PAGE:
My friend Katie will be eighteen forever. In a few years, I’ll be twice her age, and yet I still feel like she’s older than me.
Katie was a senior in the Governor’s School for the Arts dance department when I was a freshman, and she was one of those golden, incandescent people who light up the world, on stage and off. I remember the first time we sat in the messy dressing room in the Virginia Ballet Theatre building on Olney Road and she listened seriously to my thoughts and dreams, even though I was so much younger and shy about talking to the confident, brash older dancers. I remember when we were performing Balanchine’s Serenade and we were the short girls together, one of the jumping entrances was so beautiful that as we waited to go on we would stand in the wings and squeeze each other’s hands out of unabashed joy at the music and the steps we were about to dance.
Everyone had memories like these about Katie. That’s the kind of person she was.
When she was on the way to begin her freshman year of college with a dance scholarship to Butler University, she died in a car accident. At fourteen, I hadn’t realized yet that eighteen-year-olds could die. Katie’s memory has walked with me as I’ve grown up and experienced things that she never had time to.
I’ve been thinking about memory lately. In the studio concert series that the company is performing this weekend, Joni Petre-Scholz has a dance called Echoes about how ghosts of the people in our lives linger on in our minds. We’re ourselves, but we’re also a conversation with all the voices of those we remember.
So much of dance is about passing things down. In dance companies and academies, the students become the teachers, and the folklore and artistry and technique are passed from generation to generation. Some days as I work my way through the barre exercises in ballet class or floor work in modern class, I hear in my head the echoes of corrections of the teachers who have filled the last several decades of my life. The familiar physical routine of the dance class is a house for the voices of the past.
Along with wisdom, roles are passed down through the generations as a work of choreography is repeated. Some roles are handed down through centuries of dancers. Often when you slip into the bodice of a costume, the names of all the dancers who wore it before you are written on the lining in fading ink, a list of Emilys and Saras and Marys who were about your size and danced the same steps as you. This weekend when I dance in Todd Rosenlieb’s wry and joyful Suite Sammy, I’ll be performing a role that was danced by many talented dancers, some of whom I know and some I don’t. Over time the role took on the jaunty humor of Kathryn Finney, the elegance of Krista Zomar. Perhaps it will carry a little of me into the future.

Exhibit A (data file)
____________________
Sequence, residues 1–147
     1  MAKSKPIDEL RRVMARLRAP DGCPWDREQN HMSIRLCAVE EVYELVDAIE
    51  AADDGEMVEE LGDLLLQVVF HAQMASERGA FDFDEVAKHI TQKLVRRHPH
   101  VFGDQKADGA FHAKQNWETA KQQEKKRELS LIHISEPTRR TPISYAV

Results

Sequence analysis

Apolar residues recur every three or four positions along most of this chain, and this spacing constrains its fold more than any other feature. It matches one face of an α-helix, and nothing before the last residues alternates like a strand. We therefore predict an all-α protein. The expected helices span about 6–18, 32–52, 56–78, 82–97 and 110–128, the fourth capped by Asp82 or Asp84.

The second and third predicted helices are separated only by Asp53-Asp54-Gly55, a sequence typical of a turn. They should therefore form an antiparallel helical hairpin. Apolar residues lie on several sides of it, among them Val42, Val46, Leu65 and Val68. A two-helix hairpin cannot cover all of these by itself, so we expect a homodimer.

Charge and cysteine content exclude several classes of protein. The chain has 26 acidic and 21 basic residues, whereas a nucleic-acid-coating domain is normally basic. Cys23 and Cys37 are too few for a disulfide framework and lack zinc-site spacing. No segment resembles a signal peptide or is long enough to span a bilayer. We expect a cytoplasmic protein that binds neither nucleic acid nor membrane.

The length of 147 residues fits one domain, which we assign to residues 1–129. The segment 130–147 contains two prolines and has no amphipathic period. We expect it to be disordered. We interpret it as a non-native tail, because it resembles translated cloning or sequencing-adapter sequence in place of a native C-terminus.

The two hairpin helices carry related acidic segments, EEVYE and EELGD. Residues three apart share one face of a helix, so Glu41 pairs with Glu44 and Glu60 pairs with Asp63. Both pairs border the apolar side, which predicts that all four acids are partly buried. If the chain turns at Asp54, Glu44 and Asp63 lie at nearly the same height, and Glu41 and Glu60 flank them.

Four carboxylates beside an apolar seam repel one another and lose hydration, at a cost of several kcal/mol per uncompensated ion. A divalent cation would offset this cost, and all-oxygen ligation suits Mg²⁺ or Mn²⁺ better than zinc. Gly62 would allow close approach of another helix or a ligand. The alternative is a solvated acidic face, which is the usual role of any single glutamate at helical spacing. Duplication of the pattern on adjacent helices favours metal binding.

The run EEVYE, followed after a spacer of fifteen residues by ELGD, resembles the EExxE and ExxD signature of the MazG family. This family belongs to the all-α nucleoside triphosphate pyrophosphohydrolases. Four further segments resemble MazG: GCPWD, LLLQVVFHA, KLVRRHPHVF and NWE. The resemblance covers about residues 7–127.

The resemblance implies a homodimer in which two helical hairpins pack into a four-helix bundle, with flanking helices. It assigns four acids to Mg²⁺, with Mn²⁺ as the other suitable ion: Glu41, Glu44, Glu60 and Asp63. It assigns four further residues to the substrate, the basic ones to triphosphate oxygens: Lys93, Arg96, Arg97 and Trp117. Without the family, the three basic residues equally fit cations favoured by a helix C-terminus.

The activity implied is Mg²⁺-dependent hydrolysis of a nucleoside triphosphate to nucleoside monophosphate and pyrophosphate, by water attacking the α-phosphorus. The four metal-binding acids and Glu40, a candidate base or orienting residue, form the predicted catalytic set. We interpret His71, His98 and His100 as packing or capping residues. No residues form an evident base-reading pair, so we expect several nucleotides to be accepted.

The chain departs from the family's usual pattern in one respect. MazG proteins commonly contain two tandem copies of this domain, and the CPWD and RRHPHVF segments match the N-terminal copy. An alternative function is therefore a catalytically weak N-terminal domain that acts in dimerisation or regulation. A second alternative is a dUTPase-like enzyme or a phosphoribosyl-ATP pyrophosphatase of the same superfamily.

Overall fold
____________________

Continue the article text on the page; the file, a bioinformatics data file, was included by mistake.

And then of course there’s muscle memory, that strange process by which the body comes to bear our knowledge. There’s a moment in learning a piece of choreography when suddenly your brain is not the one telling you to reach with your left hand and step on your right foot. Your body just remembers what to do. It’s a lot faster without the verbal list of steps getting in the way. In the middle of my performance last Saturday, I had a horrifying moment when my brain tried to take over and I couldn’t think of whether I used my right or left hand to begin the final piece of the night. “Shut the hell up,” I told my brain, and I stopped thinking as the music began. My body knew which hand to move.
I was reading a book last summer called Station Eleven, a post-apocalyptic novel about memory and art in which some of the early scenes take place in a theater. The author, Emily St. John Mandel, is a former dancer, and she describes the stage as “a room with cavernous space instead of a ceiling, fathoms of catwalks and lights between which a soul might slip undetected.”
I know just what she meant. Before every show, I look up into the wings of the theater, into the twilight dimness where the ropes seem to ascend forever. I whisper Katie’s name into the dusk, and conjure her memory in that world of shadows and light.
Come see us dance! Todd Rosenlieb Dance’s 10th anniversary season will continue with the second weekend of the Studio Concert Series, a mixed bill concert of ballet and modern dance presented by Todd Rosenlieb Dance and Virginia Ballet Theatre. The concert includes works by Todd Rosenlieb, Ricardo Melendez, Joni Petre-Scholz, and Janelle Spruill. Performances are at 8 p.m. on May 6 & 7, and at 5 p.m. on May 8 at the Benjack Studio Theatre at TRDance at 325 Granby Street. Tickets are available at the door. For tickets and information visit trdance.org, go to www.showtix4u.com, or call 757-626-3262.